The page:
April 27, 2012
Honor Flight Takes WWII Vets To Washington For Day
More than 150 WWII Veterans and guardians visited the World War II Memorial in April with Honor Flight of West Central Florida. Guardians and donations are now needed to sponsor veterans for the next trip in June.
Taking a trip with Honor Flight of West Central Florida gives everyday citizens a chance to interact, engage and get to know members of our countries’ greatest generation. This life-changing trip pairs interested citizens as guardians for a day trip to Washington D.C. with World War II Veterans with the express purpose of honoring them at their World War II Memorial.
Honor Flight of West Central Florida (HFWCF) was established in late 2010 as an official Regional Hub of the National Honor Flight Network. As part of the Network, HFWCF provides all-expense-paid flights for World War II Veterans in the Tampa Bay area to visit their memorials in Washington, D.C.
Recently, six local residents including myself, Paul and Tammy Holmberg, Rob Silver, Danny Whitehurst and Carole McLemore, had the opportunity to sign up as members of the Honor Flight trip from Clearwater/St. Petersburg International Airport to Washington D.C. and back in one day.
A typical Honor Flight experience includes the opportunity for citizens to meet their veterans at an orientation event, held at the Suncoast Hospice in Clearwater. After meeting, the entire group of 150 people is walked through expectations for the day. The purpose of the guardians is to escort, assist and experience the event with their veteran.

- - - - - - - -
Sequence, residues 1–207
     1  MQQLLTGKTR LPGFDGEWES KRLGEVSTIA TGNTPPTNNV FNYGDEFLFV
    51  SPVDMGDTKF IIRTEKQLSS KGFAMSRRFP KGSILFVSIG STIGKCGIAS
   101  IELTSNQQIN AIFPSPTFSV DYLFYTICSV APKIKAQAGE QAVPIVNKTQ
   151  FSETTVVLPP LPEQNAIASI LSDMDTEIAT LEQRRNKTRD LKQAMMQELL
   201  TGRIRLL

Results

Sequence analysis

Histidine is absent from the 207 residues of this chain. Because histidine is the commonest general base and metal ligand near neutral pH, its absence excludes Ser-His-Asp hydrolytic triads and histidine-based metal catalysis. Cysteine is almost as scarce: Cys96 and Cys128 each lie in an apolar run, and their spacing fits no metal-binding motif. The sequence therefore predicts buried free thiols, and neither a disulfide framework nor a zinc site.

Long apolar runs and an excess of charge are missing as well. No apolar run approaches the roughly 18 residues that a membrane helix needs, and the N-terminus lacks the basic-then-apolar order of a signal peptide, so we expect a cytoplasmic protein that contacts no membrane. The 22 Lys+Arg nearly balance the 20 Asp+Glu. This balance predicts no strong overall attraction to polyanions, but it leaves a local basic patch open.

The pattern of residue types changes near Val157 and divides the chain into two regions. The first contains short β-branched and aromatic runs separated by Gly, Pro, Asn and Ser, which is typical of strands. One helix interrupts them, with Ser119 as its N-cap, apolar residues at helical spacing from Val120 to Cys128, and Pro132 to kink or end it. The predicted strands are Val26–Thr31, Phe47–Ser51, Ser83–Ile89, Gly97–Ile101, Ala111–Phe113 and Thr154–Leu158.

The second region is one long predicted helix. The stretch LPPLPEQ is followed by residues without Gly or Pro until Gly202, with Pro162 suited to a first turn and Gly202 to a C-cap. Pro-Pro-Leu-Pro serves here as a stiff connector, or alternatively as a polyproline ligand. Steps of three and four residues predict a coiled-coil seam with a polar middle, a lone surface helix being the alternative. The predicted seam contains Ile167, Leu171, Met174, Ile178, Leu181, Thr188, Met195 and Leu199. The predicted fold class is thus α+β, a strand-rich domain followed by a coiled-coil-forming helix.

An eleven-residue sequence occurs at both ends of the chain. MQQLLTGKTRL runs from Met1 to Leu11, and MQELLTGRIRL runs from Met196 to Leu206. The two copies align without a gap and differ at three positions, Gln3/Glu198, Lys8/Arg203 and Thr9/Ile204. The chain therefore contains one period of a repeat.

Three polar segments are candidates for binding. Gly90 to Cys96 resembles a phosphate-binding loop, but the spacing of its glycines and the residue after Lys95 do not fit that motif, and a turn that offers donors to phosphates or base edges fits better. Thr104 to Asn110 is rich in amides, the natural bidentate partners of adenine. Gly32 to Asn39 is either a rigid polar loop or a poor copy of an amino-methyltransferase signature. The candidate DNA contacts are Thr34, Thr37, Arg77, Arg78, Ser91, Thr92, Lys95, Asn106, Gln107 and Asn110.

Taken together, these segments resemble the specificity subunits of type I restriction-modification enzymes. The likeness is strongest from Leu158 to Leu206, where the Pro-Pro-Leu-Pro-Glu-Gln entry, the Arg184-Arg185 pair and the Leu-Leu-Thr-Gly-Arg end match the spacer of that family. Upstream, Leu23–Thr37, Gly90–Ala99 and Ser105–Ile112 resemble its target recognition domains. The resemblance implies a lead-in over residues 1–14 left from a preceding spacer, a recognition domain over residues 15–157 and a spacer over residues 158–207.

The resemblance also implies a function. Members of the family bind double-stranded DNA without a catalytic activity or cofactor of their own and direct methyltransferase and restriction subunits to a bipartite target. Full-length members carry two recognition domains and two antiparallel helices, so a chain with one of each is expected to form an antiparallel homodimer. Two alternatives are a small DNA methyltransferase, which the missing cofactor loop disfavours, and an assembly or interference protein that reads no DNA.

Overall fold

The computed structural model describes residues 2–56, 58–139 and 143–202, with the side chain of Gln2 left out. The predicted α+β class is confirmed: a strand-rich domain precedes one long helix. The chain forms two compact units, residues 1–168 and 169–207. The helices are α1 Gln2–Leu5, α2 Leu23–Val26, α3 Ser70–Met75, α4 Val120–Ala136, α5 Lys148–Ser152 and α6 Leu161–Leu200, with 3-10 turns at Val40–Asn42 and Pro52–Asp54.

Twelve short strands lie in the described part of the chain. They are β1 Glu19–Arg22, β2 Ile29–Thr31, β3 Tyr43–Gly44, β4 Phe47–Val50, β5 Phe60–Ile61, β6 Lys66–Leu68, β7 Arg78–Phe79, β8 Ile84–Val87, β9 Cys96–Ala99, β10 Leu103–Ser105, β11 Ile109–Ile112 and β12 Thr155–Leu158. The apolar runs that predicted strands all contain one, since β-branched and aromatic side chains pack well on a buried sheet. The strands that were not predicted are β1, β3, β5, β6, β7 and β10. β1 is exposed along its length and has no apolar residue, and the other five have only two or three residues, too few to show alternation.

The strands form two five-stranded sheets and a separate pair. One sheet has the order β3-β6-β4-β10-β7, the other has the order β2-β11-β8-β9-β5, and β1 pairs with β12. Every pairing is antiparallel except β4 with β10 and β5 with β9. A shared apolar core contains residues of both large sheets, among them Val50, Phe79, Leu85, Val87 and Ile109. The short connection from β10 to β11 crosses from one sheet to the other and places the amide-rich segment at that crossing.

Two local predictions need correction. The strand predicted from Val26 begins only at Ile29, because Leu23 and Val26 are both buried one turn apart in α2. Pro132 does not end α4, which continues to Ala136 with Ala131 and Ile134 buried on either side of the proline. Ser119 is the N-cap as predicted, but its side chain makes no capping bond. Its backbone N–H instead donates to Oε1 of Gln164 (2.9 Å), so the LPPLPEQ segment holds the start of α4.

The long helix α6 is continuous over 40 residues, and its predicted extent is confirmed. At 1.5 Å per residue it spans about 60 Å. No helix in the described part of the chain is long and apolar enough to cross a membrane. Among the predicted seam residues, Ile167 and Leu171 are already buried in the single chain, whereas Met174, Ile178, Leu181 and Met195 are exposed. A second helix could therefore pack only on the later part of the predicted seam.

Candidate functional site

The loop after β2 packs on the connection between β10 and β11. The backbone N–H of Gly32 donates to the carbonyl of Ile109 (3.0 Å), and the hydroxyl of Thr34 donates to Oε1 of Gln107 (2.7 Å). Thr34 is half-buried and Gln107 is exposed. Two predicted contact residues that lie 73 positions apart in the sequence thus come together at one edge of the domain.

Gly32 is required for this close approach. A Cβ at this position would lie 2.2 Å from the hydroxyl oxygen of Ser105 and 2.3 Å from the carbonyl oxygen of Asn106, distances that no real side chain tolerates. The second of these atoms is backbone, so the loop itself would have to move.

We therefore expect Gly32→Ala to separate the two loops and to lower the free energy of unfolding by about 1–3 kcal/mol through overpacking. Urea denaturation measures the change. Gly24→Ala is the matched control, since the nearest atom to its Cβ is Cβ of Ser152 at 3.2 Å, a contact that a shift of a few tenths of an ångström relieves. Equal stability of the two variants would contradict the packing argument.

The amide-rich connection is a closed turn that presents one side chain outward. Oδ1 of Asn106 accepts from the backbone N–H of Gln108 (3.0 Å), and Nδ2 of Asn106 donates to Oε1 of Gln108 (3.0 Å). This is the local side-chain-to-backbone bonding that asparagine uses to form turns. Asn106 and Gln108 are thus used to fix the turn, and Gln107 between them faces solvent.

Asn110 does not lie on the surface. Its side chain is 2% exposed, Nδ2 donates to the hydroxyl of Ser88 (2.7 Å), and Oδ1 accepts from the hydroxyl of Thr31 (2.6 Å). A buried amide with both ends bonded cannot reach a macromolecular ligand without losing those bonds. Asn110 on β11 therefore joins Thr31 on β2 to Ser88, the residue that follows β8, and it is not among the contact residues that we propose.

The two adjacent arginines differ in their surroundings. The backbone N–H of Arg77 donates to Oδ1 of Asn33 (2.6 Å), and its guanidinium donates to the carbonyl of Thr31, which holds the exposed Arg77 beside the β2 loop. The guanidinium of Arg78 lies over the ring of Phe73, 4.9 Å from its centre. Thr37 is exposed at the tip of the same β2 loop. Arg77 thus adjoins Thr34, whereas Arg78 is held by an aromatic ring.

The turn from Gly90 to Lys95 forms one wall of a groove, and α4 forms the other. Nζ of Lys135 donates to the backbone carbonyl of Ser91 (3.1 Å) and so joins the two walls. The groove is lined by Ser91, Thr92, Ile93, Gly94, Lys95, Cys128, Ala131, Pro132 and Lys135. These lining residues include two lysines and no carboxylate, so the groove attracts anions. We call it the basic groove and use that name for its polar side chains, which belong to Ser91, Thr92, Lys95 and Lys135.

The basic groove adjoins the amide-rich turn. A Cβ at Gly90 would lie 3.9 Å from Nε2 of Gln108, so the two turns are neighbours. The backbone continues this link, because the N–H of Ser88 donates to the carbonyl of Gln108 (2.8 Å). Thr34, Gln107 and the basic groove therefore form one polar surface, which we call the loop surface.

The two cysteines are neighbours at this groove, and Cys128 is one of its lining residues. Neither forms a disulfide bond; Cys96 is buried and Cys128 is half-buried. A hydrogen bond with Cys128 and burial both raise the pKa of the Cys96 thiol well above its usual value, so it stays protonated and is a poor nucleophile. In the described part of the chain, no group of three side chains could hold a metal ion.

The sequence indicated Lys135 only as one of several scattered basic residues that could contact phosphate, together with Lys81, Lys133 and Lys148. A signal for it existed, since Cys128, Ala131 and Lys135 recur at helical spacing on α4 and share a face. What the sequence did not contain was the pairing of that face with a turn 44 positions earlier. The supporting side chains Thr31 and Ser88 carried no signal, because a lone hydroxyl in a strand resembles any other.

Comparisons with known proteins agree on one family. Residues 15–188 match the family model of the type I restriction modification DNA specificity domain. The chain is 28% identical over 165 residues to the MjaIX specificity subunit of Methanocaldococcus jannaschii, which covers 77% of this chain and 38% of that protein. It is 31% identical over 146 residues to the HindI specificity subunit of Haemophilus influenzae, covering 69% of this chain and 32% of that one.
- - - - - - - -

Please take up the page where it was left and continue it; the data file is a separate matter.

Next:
Although family members are welcome, veterans are encouraged to be paired with a new guardian for the day.
After the orientation, volunteers and veterans meet again the day of the flight. The morning starts early at 5 a.m. for check-in and personal escort through security.
Upon arrival in Washington, D.C. veterans are typically honored by the public and military representatives who are on hand at the airport to welcome them to the city. Charter buses await, and veterans and guardians are escorted to a VIP experience through the city. First stop, Iwo Jima Memorial where a group photo is typically taken. The group then stops at the WWII memorial before continuing on to Korea, Vietnam and Lincoln memorials before a return trip by bus to the airport to return home.
Although a busy day, it is typically a once in a lifetime experience for the vets.
At the memorials, Vets are surrounded by families and the general public, who take time to stop them to thank them for their service.
“It is truly a rewarding experience to take an Honor Flight and see it through the eyes of a real Veteran,” said Paul Holmberg who escorted his veteran Earl ‘Mac’ MacDermott.
Guardians pay $400 for the privilege of escorting a veteran which covers costs of flight. All other expenses including meals, shirts etc. are donated.
HFWCF has taken five flights in two years. More than 350 veterans have had the chance to attend the trip with another 400 on the waiting list eager to go.
“We are losing our WWII vets at a rate of 1,000 per day in America,” said organizer and volunteer James W. Haake, LTC, USA (Ret.) “We would like to be able to take them all.”
Honor Flight Mission Six is now seeking donations for its next flight, which is scheduled for Tuesday, June 12. For this flight, another 74 Veterans have been selected. The flight will be chartered by Allegiant Airlines.
To volunteer, get involved or donate, visit www.honorflightwcf.org or contact Haake directly at 413-1014. Honor Flight of WCF is a 501(C)3.